Case Study: Incorporating Disruptive Technologies into Existing Products (part 2)

The previous article introduced ERP and touched on some of the challenges around using the huge amounts of data that ERP requires.

SAP developed a new technology called HANA. Unlike a disk based SQL database, HANA is entirely in-memory (with a disk based backing store for backup, recovery, and data archiving). Unlike the row oriented SQL model, HANA is a hybrid row/column datastore which supports high performance queries and analytics. HANA is also a compressed data store – in addition to allowing a complete ERP database to fit into memory, the compressed data can also be searched and transferred more quickly.

Enabling this software was the development of large servers from companies like Dell, HP, and IBM with dozens of processor cores and 10+ TB of physical memory. Since the introduction of HANA servers have continued to grow – today you can get servers with over 100TB of physical memory! There are other developments now emerging which will radically grow the amount of memory that can be attached to a server and which will lower the cost of this memory. In short, an in-memory approach has proven to be better than on-disk.

HANA provides dramatic performance improvements as well as new capabilities – it is a disruptive change at the very core of ERP. SAP wants to use HANA as the foundation of all ERP deployments, replacing all current databases.

Consider how SAP has implemented and deployed HANA:

Much of the architecture of HANA is designed to support analytics. So, analytics applications were the first target for HANA. Like other ERP Analytics implementations, data would be extracted from the OLTP database, stored in an analytics database (HANA in this case), and used by analytics applications.

Analytics applications would be developed and modified to take advantage of the new capabilities of HANA. Over time more and more analytics applications would begin to use a single HANA datastore.

At the appropriate time, HANA would also be used for OLTP. This would initially be done for customers with special needs and mainly targeted at new installations.

Finally, HANA would be offered as a single datastore for mainstream customers.

Note the incremental approach which is key to successful deployment of disruptive technologies:

  • Start with an application that benefits from the unique capabilities of HANA, has minimal requirements for broad features and integration, delivers business value to a relatively small set of users, and is outside the mainstream use cases. This provides immediate business value from a limited set of capabilities and allows you to improve and mature the technology in a constrained environment. At this point it is critical to minimize the impact of failure and to provide an opportunity to grow and extend the technology.
  • Over time add additional analytics applications, either by developing new applications that are now feasible or by modifying existing applications that benefit from the unique capabilities and performance of HANA. Test and extend HANA with each new application, and don’t release any applications until they and HANA work well together.
  • Once HANA proved itself with a core set of analytics applications add more applications. Over time the focus moves from applications that need HANA capabilities to the business value and cost savings of having a single datastore for analytics.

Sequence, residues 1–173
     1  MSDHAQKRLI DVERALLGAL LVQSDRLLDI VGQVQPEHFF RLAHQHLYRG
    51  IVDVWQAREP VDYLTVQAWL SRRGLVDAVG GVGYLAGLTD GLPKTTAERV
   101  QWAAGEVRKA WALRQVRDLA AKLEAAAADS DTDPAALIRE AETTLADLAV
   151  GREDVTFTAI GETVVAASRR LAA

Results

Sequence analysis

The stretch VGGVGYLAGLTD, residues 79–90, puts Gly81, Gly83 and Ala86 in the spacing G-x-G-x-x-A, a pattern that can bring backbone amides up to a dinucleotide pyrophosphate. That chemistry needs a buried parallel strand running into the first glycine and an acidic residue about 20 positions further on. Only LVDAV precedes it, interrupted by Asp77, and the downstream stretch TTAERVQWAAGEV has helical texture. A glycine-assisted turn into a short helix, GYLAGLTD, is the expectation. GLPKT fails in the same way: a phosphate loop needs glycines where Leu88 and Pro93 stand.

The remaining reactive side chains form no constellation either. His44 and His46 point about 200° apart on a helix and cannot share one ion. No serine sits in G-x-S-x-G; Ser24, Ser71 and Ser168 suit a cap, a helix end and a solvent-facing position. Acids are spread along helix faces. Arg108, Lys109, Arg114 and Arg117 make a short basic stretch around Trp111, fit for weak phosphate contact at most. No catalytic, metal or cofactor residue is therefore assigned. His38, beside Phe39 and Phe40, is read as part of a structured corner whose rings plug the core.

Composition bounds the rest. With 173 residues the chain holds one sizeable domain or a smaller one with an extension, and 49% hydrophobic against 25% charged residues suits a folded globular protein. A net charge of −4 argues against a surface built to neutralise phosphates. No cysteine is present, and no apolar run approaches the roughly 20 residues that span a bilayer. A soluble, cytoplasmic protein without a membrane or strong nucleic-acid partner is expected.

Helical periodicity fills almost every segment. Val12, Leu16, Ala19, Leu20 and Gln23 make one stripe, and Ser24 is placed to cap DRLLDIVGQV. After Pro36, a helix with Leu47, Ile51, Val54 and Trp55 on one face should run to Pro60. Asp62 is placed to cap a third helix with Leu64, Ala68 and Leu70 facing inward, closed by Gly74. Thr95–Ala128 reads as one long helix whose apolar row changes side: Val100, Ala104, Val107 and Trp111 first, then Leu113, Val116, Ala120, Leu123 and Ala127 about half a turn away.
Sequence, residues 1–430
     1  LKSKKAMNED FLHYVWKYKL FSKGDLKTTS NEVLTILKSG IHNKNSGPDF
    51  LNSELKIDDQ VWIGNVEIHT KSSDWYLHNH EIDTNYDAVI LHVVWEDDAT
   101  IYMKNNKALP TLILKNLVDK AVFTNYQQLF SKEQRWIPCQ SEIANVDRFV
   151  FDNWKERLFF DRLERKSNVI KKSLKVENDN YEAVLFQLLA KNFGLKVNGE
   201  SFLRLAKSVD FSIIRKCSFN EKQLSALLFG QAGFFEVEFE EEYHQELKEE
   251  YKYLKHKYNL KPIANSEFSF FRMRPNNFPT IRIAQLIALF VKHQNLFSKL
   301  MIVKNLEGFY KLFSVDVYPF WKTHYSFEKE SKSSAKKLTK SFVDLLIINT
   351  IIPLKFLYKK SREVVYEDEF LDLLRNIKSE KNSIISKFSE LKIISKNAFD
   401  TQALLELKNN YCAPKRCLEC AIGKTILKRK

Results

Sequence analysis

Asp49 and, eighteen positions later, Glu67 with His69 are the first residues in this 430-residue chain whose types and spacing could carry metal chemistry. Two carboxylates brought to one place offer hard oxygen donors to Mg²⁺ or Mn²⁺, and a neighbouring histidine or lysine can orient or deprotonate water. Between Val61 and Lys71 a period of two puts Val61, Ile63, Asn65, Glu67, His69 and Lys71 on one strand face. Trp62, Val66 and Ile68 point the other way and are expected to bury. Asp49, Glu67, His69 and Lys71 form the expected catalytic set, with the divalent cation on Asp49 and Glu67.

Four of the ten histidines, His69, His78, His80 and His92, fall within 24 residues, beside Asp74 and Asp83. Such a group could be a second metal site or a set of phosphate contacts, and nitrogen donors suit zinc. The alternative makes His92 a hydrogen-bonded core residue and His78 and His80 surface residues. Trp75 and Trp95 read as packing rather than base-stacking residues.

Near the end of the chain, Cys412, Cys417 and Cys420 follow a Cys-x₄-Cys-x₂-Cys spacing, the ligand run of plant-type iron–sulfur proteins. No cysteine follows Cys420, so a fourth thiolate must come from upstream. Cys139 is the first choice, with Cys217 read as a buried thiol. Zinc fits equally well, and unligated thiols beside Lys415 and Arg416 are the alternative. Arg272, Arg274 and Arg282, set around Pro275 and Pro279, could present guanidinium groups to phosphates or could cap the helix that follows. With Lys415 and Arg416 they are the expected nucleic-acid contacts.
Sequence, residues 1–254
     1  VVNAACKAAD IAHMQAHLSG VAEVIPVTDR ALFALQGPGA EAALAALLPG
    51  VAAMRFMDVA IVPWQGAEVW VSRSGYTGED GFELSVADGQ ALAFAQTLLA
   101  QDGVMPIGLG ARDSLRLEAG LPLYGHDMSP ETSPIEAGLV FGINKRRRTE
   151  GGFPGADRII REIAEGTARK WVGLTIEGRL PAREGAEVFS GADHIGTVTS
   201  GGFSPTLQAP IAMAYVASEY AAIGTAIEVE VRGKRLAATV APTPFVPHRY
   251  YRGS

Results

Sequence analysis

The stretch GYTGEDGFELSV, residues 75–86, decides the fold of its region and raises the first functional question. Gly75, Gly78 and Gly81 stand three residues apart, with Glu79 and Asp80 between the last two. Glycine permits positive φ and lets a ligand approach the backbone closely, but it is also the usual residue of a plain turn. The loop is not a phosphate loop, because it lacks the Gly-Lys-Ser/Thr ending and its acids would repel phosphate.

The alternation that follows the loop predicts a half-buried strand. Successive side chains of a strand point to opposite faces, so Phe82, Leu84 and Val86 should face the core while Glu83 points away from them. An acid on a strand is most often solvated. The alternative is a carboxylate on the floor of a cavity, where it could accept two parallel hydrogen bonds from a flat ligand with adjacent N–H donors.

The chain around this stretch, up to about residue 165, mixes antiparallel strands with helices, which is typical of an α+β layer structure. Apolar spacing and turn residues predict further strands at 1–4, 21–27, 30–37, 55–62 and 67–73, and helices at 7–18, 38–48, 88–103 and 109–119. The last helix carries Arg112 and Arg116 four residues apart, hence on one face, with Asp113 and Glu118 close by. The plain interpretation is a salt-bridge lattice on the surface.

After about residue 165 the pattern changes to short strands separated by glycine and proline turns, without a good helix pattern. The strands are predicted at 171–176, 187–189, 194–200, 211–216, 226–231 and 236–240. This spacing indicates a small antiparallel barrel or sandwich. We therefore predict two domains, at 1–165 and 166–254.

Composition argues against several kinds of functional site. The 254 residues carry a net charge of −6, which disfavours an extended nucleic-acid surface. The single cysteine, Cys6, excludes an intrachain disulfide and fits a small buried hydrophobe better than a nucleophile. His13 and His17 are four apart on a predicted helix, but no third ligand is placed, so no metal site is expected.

• HANA fully supports the SQL model used by the current databases. It can be treated as  “just another SQL database” and requires minimal modification of the rest of the system. This allows SAP to begin to use HANA with minimal changes to the ERP ecosystem built on top of the database.
  • Next, begin to deploy fully integrated ERP systems that use HANA as the single master database for both transactions and analytics. The initial targets will be specialized companies that are “relatively simple” as far as ERP goes.
  • At this point you can begin to use HANA for new customer deployments. These customers will start with a fully integrated system. This is the entry of HANA into the majority market.
  • Next focus on moving existing customers to HANA as part of major version upgrades of the ERP system. Major version upgrades are expensive and time consuming. They require significant migration and integration work, and provide an opportunity to introduce new technology. At this phase you are addressing the Early Majority market.
  • The next step is to make HANA the standard choice so that it is simply part of all new systems and upgrades – anything that is not HANA based becomes an exception. You are now addressing the Late Majority market.
  • Finally, retire the older versions of software that do not support HANA. Over time phase out support for these older versions. This will encourage the Laggards to move to HANA based systems.

SAP has a long timeline for customer adoption. SAP understands the impact of major changes on their customers, partners, and ecosystem. HANA was initially introduced in 2008 and the current target for full customer migration is 2025 – a 17 year migration!

You can see how this approach starts with Innovators and then moves through Early Adopters, Early Majority, Late Majority, and ultimately laggards.

SAP HANA is a good case study on how to successfully integrate and deploy a disruptive technology in an existing product in a mature market.

Next: Case Study: Incorporating Disruptive Technologies into Existing Products (part 3)

About Russell Doty

A technology strategist and product manager at Red Hat, working on the next generation of open source systems.
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